On The Question Of The Standards Of Dogs Of Service Breeds

On The Question Of The Standards Of Dogs Of Service Breeds
On The Question Of The Standards Of Dogs Of Service Breeds

Video: On The Question Of The Standards Of Dogs Of Service Breeds

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Video: SERVICE DOG BREEDS || choosing the right one :) 2023, February

The main zootechnical events carried out in cynology when working with any breed are exterior exhibitions, the importance of which is extremely great, since it is on them that the results of the breeding work carried out are evaluated and plans for the future are made. Evaluation methods at such shows differ both in different countries and in different cynological societies.

To date, a more or less unified system of complex assessment of a dog has been developed, which is based on the concept of "harmony", which includes the general impression of the dog as a single integral organism. It is from this perspective that concepts such as breed type, the severity of the sexual type, the proportionality of all parts of the body, the correctness of the mechanics of movement are considered. This also includes the concepts of temperament and behavior inherent in this breed, since only with certain behavioral reactions all the exterior features of the dog are fully revealed. Only after that do they consider in detail the individual advantages and disadvantages of certain articles.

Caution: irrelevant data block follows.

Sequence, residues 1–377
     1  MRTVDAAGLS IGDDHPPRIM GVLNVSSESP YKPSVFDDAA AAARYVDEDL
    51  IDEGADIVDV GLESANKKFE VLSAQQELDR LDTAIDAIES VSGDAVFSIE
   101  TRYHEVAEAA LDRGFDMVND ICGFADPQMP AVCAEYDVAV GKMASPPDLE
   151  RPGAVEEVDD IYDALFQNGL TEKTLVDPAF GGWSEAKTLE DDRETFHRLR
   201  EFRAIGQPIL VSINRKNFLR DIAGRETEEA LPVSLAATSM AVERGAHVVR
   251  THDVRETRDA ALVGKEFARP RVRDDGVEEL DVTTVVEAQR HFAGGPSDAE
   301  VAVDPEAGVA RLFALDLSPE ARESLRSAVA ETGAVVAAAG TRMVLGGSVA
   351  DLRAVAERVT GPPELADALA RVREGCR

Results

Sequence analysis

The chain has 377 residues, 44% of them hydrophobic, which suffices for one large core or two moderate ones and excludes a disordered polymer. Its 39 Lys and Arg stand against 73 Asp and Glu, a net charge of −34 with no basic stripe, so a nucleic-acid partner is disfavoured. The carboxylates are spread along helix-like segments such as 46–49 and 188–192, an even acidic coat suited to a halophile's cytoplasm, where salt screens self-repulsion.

Bernese Mountain Dog, dog photo
Bernese Mountain Dog, dog photo

In some cases, the method of scoring a dog is used, as a result of which the analysis of such a description is extremely simplified. Digital data can even be entered into a pedigree card. So in the former GDR, according to the Zattegast methodology, tables have been developed for measuring shepherd dogs, according to which you can describe any dog, selecting the necessary values ​​from the tables. However, this mechanical approach is far from always valid.

In our country, the assessment of dogs on a point scale was widely used in competition shows. This method, as experts have repeatedly noted, leads to a loss of the sense of the integrity of the dog's appearance and comes down to the arithmetic calculation of its shortcomings. Unfortunately, the methodology of this method of assessing the exterior is often transferred by experts to ring judging.

In our country, for many years, there has been a completely definite methodology for evaluating dogs at exhibitions, which is dictated to us by the "Rules for conducting exhibitions and brood …". It consists in the visual assessment of the exhibitors in the comparative ring with a rigid fixation of the place in the ring. At the same time, each dog is compared with the one standing in front of and behind it, and the assessment often depends on the quality of the dogs in this group. Such a comparative approach to the examination has significant flaws, since usually assessments are given in comparison, first of all, individual shortcomings, all the time during the examination the judge is busy counting them, so that the dog walking in front does not have more shortcomings than the next one. At the same time, behind individual, not always significant, shortcomings, as a rule, they no longer see the general appearance of the dog, its breed and harmony. Not surprising,that one and the same dog from the same expert can receive different assessments with an interval of a week, besides, completely different descriptions. Of course, an experienced expert with a good vision of the dog is able to determine the quality of each exhibitor. But how many such experts do we have in service dog breeding?